November 2011 Archives

I just learned today that WMATA, the agency that runs D.C.'s Metro subway system, is renaming the metro station near my house. The station, which used to be named "Waterfront-Southeastern University," will be renamed "Waterfront." It's about darned time, since Southeastern University went out of business in 2010. But Kevin Carey's article on the University's demise is still well worth reading!...


Obviously the allegations that a Penn State football coach sexually abused young men participating in programs operated by a charity he operated, and that Penn State officials failed to act or report on evidence of this abuse, are horrible and inexcusable. And they do raise important questions about the role of sports in college culture and the prevalence of differing standards of justice for "elites." That said, I can't help also seeing the Penn State story in light of the horrendous track record that higher education institutions have in dealing with allegations of sexual assault on their campuses. As has ...


This new Center for American Progress report arguing against the publication of value-added teacher ratings is somewhat odd, largely because it feels primarily reactionary ("here are some stupid things people have done or are considering doing with teacher value-added data and why you shouldn't do them") as opposed to proactive ("here's what a smart policy and journalistic approach for providing the public and parents with useful information about teacher effectiveness would look like"). I'd sure love to see the latter, as this is a serious issue that deserves more conversation in the debate about teacher effectiveness. I mean, earlier this ...


Roxanna Elden, one of 16 Next Gen Ed leaders I profiled earlier this year, guest-blogged at Rick Hess's space last week. One of the things I really value about Roxanna's work is her ability to gently and humorously point up the blind spots of education reformers--including a tendency to resort to cliches that can inadvertently insult working educators. This blog post is a great example of that, but I particularly appreciated her comments here: This is supposed to be an argument about how introducing market-based competition in education encourages innovation and leads to better opportunity, especially for low-income families. If ...


Writing about new Head Start "recompete" regulations on Wednesday, I said that the regs "essentially move Head Start towards a charter-like model, in which continued receipt of federal funding is contingent on demonstrated quality and performance." That's true in the sense that Head Start grants will now be in the form of 5-year contracts, with continuation after the 5 year term based on performance, and the potential to discontinue non-performing grantees when their contracts expire. But I forgot one important part of the charter bargain: Charter schools get increased autonomy and freedom from bureaucratic regulations in exchange for increased accountability ...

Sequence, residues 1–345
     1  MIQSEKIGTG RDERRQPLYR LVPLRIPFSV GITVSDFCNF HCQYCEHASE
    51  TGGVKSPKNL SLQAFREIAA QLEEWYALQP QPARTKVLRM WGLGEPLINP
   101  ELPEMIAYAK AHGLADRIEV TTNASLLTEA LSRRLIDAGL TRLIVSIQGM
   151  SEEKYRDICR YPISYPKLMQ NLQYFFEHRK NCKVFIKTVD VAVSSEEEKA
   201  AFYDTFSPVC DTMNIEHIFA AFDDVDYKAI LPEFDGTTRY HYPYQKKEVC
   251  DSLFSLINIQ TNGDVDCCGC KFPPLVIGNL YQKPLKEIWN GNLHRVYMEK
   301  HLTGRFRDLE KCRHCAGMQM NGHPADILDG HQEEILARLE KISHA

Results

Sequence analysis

Interesting NYT article looks at some of the implications of Early Learn NYC--a groundbreaking effort by the city's Administration of Children and Families to combine Head Start, pre-k, and child care funds to create common quality standards, improve the quality of services for young children, more effectively target early care and education resources, and leverage private and philanthropic support. Any time government entities try to reform and improve quality in a public service that spends lots of money in geographically dispersed contracts, there are going to be winners and losers--particularly in a city that has experienced significant demographic shifts--and that's ...


Big White House announcement today around Head Start quality, and new rules that would require up low-performing Head Start grantees to compete with other providers to keep federal funding. Key background here: Head Start is a federal early childhood program that awards grants directly to local grantees. Historically, once a provider received a Head Start grant, it held the grant essentially in perpetuity, unless it committed a significant violation. The 2007 Head Start reauthorization, however, changed this. The legislation set a term of 5 years for Head Start grants, required the Department of Health and Human Services to renew Head ...


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